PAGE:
Doctor Who: Endgame

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Christopher Morley completes the Players trilogy...


Review for Players
Review for World Game

The endgame of Terrance Dicks' Players trilogy arrives in, well, Endgame- the amnesiac Eighth Doctor unable to remember all but the briefest flickers of his past encounters with the Players themselves. For the events which see him thrust into intrigue surrounding the Cambridge Spies & an attempt to ramp up tensions around the Cold War occur during the Earth Arc, a series of seven Eighth Doctor Adventures novels which see him stranded on Earth in a similar position to that which followed his second regeneration.

Home for now, minus a companion, is a flat in Bloomsbury, with the TARDIS seemingly part of the furniture down in the cellar! He knows the police box is important to him- even if he doesn't know why. A sort of depression seems to have kicked in at the outset, as he's lived a rather humdrum life for several years. In short, he's stuck in a rut. Until he comes to possess a very important document...........

And so where World Game allowed the Second Doctor into the sort of territory mined by Bernard Cornwell for his Sharpe series, here Dicks is given licence to plunder the murky world of espionage!


The Doctor's desire for a quiet life is uprooted by the aforementioned important file after he is conscripted into becoming an agent for TIGHTROPE- a secret organisation devoted to investigating the machinations of the Players. By now they've grown somewhat bored of mucking about with the established history of what you might call our little planet's greatest conflicts & decided to go out with a quite literal bang. If the dirty great big nuclear symbol on the cover doesn't give it away, please do feel free to read on.

For their last dip into royally screwing things up sees them make it their business to ensure the diplomatic stand-off between the Americans on one side & Russians on the other gets a good deal warmer thanks to the threat of total & utter devastation of the sort which the Yanks have by this point already inflicted upon both Hiroshima & Nagasaki.

One of the key men within the top-secret framework of TIGHTROPE is Kim Philby, who will go down in history alongside Donald Maclean & Guy Burgess as traitors to their country after defecting to Moscow. Understandably given his situation he needs a ''third man'' to take the heat off himself! And that third man is the Doctor, who is forced to help Burgess & McLean flee the country before news of their defection breaks as well as looking into the alien enemies he barely recognises in his present state.

All they want is chaos, & to that end they've tapped into the then- current trend for government-backed psychic warfare techniques to secure endorsement to conduct experiments which will (they hope) allow them to remotely control human agents to do their bidding & so escalate things to the point of World War Three. Sounds bonkers, you might think. But the truth is if anything a little more bizarre! To find out why we must materialise in April 1951 & take a look at President Harry S.Truman's formation of the Psychological Strategy Board. You might very well be able to guess its exact purpose. Nonetheless, as americanforeignrelations.com tells us:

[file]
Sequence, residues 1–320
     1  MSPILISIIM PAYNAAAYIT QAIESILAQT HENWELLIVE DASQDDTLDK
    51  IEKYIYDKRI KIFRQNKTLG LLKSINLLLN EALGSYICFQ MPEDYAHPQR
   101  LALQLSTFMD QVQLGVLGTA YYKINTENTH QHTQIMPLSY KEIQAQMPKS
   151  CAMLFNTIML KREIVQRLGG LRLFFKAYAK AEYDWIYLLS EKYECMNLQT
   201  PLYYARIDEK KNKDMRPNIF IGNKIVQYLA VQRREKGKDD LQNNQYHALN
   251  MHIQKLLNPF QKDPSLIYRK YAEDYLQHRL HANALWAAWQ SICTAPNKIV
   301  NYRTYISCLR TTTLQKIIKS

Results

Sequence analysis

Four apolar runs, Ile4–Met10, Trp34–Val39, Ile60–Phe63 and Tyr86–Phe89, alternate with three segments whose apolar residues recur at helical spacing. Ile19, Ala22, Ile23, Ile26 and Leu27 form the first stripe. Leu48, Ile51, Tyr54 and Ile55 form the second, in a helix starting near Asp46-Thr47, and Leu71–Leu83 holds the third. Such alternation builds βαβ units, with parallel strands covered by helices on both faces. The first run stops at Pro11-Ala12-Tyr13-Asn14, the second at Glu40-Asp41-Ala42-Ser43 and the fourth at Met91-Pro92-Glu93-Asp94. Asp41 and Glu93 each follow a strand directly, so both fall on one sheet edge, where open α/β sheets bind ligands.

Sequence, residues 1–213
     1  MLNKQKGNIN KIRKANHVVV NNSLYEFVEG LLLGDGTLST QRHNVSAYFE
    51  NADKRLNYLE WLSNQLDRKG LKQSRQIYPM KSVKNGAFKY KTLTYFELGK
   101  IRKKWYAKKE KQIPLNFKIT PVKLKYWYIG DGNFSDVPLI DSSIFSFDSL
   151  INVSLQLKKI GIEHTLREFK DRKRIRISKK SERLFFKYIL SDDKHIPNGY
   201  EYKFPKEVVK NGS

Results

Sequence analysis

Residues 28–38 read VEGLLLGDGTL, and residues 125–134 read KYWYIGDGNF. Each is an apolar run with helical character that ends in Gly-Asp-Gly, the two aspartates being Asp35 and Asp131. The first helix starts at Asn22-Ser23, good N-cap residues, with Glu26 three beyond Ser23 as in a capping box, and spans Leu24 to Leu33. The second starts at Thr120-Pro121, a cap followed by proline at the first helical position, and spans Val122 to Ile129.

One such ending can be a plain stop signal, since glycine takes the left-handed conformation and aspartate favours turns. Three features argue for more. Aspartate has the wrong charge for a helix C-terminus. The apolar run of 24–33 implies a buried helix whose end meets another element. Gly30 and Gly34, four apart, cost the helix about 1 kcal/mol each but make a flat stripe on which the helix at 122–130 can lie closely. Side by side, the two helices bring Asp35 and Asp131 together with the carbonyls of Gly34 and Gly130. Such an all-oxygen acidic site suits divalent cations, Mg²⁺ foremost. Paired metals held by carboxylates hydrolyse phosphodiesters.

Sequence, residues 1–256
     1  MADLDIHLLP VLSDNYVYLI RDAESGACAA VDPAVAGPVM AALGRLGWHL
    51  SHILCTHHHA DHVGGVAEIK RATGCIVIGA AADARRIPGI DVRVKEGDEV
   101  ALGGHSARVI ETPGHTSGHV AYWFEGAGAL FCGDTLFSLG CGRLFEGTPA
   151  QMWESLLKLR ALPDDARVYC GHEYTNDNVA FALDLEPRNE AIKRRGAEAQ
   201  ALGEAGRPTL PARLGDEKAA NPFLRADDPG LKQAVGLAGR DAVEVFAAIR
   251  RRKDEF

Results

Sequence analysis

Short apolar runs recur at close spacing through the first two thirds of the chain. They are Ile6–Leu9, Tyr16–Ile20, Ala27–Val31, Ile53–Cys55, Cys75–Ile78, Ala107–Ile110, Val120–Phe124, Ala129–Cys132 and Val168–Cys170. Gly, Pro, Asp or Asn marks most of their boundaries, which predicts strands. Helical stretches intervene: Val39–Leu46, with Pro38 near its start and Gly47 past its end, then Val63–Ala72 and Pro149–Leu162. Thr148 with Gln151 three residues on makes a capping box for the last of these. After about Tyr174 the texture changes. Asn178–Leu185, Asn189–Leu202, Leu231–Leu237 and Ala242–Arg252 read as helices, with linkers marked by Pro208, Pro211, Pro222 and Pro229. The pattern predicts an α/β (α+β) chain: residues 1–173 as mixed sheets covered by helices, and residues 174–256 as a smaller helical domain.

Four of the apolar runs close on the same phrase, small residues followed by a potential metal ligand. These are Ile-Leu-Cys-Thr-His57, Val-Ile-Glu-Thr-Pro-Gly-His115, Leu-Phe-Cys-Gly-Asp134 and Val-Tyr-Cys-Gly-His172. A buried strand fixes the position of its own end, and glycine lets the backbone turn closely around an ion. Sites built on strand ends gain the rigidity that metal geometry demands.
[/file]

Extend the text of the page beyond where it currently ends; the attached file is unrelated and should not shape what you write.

"During World War II, psychological warfare was largely seen as an accessory to military operations, but with the onset of the Cold War, psychological warfare specialists defined the concept broadly to include any non-military actions taken to influence public opinion or to advance foreign policy interests. Psychological warfare was transformed into a catchall formula that went beyond mere propaganda to embrace covert operations, trade and economic aid, diplomacy, the threat of force, cultural and educational exchange programs, and a wide range of clandestine activities.

Psychological warfare became, in essence, a synonym for Cold War. It reflected the belief of many politicians and foreign policy analysts that the Cold War was an ideological, psychological, and cultural contest for hearts and minds that would be won or lost on the plain of public opinion rather than by blood shed on the battlefield.

Psychological warfare in the Cold War context was also associated with the policy of "rollback," or the employment of non-military means to force the retraction of Soviet power and the "liberation" of Eastern Europe."
And it's what he sees while touring a facility devoted to this mental battleground that seems to drive him from non-committal almost bystander to something like his old self. Given Dicks' past as script editor during the Third Doctor's run, the methods he uses in several close combat run-ins with a Player assassin may not prove much of a surprise!



Among other juicy hints of the men he had been are references to Drashigs & the Venerable Bede's love of fish:
"I caught a salmon there once. Would have hung over the sides of this table. Shared it with the Venerable Bede. He adored fish."
But the real joy lies in the Doctor's rediscovery of his current self, Endgame arriving towards the end of the Earth Arc sandwiched between The Turing Test- the events of which are referenced several times- & Father Time.

At the outset of Endgame he observes his own personal past, as his previous incarnation & Ace leave the Festival of Britain. This of course happened in Exodus ,''Uncle Terry''s contribution to the Timewyrm trilogy seeing an alternative timeline of Nazi rule over England coming to fruition thanks to the entity's bond with Hitler.

A similar Player-aided scenario has, you'll perhaps remember, been defeated by the Sixth Doctor & Peri. A self-referential case of wibbly-wobbly timey wimey.............. 

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